Forceful attempts are made to define where the divide lies. We have seen increasingly fervent debates on the kind of behaviour people should engage in, whether Valentine’s Day should be observed, or children’s birthday parties be held and, of course, what is suitable clothing for women. Women have always been the centre of attention when moral judgments come into play, with patriarchal societies everywhere attempting to determine what they wear, how they act and what their role in society should be. Of course, all this seems absurd in a situation where malnutrition, illiteracy, growing extremism, a breakdown of the rule of law and a potential collapse of democratic governance marks our political and social space.

When we consider the rise of the TLP and other hard-line Sunni groups that align themselves with the party, it is difficult to not wonder at what Pakistan has become from what it used to be, only a few people remember it that way. Many of us were too young to recall the days when PIA’s airhostesses, clad in uniforms designed by Pierre Cardin and other top figures from the fashion world, served passengers – one of them being the wife of former US president John F Kennedy, Jacqueline Kennedy. She is remembered till this day for having called this now-creaking national carrier that can both literally and metaphorically fall out of the sky, her favourite airline. The dupatta-draped heads of women that have now become too common a sight were nowhere to be seen; neither on PTV or other places, including the beaches of Karachi where young women would wear T-shirts and jeans and walk comfortably along the shore.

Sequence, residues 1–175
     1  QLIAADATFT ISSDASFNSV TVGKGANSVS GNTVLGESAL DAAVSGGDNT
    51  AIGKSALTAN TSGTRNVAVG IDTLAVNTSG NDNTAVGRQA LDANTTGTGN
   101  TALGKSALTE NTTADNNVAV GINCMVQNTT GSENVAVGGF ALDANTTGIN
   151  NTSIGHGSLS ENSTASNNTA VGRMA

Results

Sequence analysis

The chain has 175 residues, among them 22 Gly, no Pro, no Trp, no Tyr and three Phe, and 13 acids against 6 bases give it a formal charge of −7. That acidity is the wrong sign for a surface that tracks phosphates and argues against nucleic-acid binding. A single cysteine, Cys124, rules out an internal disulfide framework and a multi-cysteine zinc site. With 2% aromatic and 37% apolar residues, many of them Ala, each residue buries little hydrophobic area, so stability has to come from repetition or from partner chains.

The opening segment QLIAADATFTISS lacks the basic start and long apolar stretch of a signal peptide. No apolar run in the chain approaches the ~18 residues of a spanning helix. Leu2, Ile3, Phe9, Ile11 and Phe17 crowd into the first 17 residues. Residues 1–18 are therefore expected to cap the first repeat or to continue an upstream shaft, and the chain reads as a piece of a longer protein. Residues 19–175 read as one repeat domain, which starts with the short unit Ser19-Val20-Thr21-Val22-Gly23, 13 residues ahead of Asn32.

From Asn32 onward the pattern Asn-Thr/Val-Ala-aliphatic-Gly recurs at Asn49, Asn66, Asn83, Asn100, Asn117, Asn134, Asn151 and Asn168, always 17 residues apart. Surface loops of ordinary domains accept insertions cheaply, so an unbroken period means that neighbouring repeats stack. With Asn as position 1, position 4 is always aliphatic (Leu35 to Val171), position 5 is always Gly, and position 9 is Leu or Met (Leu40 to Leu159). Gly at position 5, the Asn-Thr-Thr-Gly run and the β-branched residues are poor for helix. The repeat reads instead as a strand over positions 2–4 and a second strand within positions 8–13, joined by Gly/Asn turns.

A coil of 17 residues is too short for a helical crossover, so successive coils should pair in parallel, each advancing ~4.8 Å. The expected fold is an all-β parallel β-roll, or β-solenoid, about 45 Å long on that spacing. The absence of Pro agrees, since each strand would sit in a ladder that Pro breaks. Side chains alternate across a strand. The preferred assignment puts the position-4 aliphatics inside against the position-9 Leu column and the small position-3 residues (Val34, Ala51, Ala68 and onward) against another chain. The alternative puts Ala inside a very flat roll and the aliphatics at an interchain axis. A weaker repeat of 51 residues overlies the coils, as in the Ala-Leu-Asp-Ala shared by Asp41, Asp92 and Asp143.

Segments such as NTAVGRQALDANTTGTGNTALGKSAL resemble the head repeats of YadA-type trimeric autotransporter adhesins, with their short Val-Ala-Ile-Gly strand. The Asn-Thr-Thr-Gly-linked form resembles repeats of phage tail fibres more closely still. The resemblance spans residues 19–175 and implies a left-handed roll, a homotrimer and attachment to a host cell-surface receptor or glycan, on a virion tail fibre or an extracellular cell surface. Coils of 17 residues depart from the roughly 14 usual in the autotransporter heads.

Today, of course, Khadim Rizvi and the thousands who follow him would have no doubt protested in every way they could over such acts of perceived immorality. However, the heinous acts of rape, child abuse and domestic violence that we see everywhere apparently do not move such groups to action. These are matters they appear to simply have no interest in.

The manner in which Pakistan has changed has been drastic. The foreign tourists seen in Karachi’s streets and in the northern areas in the 1970s have long gone. The threat of terrorism had made it far too dangerous for them to visit a country that has, by some writers who had dared to venture beyond Islamabad, been described as amongst the most beautiful in the world. In so many ways, this is Pakistan’s true tragedy.

What we have today are the ruins of a nation that could have risen to considerable economic and social heights given all that favoured it. Through the 1950s and beyond, the world’s economic analysts believed Pakistan could quite swiftly emerge as one of the strongest economies of the region, and play an important international role. Instead just the opposite happened. Today, we see that the rupee continues to nosedive against the dollar, unemployment is growing and investors are shirking away from putting in their money in a country known for instability and instead money is being taken from people to fund other activities.

The TLP has made no mention of how it intends to alter the situation. It appears that the party thinks its votes will come from raising cries that people see as righteous and pious. These, of course, include action against anyone accused of ‘irreligious’ acts. In such a clamour, real problems begin to vanish, as if they have been eaten up by the unholy noise that rings out all around. When we look back in time, we see a far gentler, more open and equitable country. There is no evidence that this election will help us walk back towards our past.

The manner in which we deviated from the past, following the events of 1977, was a violent one. Those days continue to haunt us. The TLP is one manifestation of those events. There are others which have taken different shapes. A reminder of the past is important for our future. Without a strong hold on history, it is difficult to walk forward with any real sense of direction.

The writer is a freelance columnist and former newspaper editor.

Email: [email protected]